Airplane Cake

October 21st, 2016


I’m going to show you how to make this cool airplane cake. My son recently had an airplane-themed birthday party, and we placed his model airplane in the middle of the table on top of some sand as the centerpiece for the table.

We baked a rectangular cake and up-ended it on a cutting board. I cut out the shape of an airplane. The wings weren’t long enough, so the cake that was cut out of the sides–I used this extra cake to expand the length of the wings. I also placed a triangle on the front of the plane.


I placed foil on an upside-down cookie sheet. Then I frosted the cake with chocolate frosting. If you want to use candy for a propeller, you can add that detail.


We looked for an airplane piñata, but we couldn’t find one. We saw a beach ball piñata, and we covered it with blue and green tissue paper to create a world. The world, after all, is for traveling. Airplanes help people to travel around the world!


We covered the entire piñata with blue tissue paper first and let it dry. Then we cut out continents from green tissue paper. I outlined the continents with black Sharpie marker.

If you want to see our Airplane Unit Study, it is in the large Modern History section of the Unit Study Treasure Vault!

Elementary Physics Series

October 19th, 2016


This post contains affiliate links. I was compensated for my work in writing this post.

We had a great time learning about Elementary Physics, using the book Christian Kids Explore Physics by Bright Ideas Press. Here is a quick index of the different experiments we performed for you on video, to help you as you study this subject.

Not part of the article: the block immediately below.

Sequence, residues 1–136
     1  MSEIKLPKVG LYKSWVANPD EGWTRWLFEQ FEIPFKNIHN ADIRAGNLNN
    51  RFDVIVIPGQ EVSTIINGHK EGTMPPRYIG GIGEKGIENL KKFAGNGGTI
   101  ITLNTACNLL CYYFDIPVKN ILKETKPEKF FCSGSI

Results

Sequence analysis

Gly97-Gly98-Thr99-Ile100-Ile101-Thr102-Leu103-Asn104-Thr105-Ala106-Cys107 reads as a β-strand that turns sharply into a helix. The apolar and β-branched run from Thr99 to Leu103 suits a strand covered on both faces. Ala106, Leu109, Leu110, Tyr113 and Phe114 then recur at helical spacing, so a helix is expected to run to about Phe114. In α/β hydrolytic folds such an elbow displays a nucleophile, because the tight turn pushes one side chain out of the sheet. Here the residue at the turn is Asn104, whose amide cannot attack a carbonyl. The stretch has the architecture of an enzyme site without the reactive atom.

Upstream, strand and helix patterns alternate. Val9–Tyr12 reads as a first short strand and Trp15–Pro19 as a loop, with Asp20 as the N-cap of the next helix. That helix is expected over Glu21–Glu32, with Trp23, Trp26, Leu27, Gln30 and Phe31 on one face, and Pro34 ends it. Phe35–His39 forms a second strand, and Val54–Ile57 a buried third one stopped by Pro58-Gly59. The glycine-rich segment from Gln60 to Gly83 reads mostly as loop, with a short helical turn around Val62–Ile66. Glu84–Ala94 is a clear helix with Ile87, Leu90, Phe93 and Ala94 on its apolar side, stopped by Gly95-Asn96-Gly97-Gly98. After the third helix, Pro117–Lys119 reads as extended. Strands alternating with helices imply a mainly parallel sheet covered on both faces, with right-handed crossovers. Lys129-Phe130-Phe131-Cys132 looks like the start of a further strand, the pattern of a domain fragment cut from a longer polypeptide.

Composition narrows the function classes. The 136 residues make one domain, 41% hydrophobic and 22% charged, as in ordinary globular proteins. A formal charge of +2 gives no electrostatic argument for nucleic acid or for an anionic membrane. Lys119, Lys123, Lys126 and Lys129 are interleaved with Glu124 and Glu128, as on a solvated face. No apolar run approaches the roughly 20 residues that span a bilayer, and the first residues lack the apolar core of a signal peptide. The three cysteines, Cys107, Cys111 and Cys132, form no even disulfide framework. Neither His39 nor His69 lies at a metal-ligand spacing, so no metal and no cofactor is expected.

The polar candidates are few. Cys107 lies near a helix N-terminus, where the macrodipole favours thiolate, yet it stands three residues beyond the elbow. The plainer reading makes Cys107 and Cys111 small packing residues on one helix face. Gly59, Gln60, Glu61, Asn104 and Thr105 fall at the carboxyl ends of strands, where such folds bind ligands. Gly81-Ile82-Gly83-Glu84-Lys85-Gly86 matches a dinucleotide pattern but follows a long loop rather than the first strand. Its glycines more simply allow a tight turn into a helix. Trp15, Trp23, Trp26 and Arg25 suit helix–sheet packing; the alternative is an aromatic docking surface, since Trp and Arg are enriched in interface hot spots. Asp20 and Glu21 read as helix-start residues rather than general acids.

The first unit of this book is called “The Foundations of Physics.” It describes what physics is all about; how to measure distance, time, temperature, and weight; and it familiarizes us with famous physicists. Here is a demonstration of how we see physics all around us:

The second unit is “Matter.” If you have taken Elementary Chemistry, you can skip these chapters, which are a review of chemistry. If you have not taken Christian Kids Explore Chemistry, here are the experiments from this physics book that you will need:

The third unit is “Mechanics,” where we learned about force, gravity, work, friction, and energy. Here are the video demonstrations we performed to learn about mechanics:

The fourth unit is “Matter in Motion,” where we learned all about motion:

The fourth unit is “Energy in Motion,” where we learned about electromagnetic energy, light, color, heat, and sound:

The last unit is “Electricity and Magnetism.” Here are a couple of experiments that we did for this unit, in order to understand electricity and magnetism:

These fun experiments are from the book Christian Kids Explore Physics by Bright Ideas Press. We really enjoyed studying physics in such a hands-on way. Why not study physics with your own kids by grabbing a copy of this book?


Make a Compass

October 17th, 2016


Today we will make a compass with a lid, a cork, a needle, and a magnet. This is a simple yet fun experiment to understand magnetism.

First you will want to get a bowl or a lid. I used a peanut butter jar lid because it is large, deep, and plastic. It’s also a great red color. I grabbed a black Sharpie marker and wrote N for north, S for south, E for east, and W for west. I drew a dot in the middle.

Fill the lid with cold water.

Cut a cork in half. Make a groove down the center of the cork like I show you in the video demonstration. If you don’t have a cork, you can use butter or margarine to coat the needle so that it will float.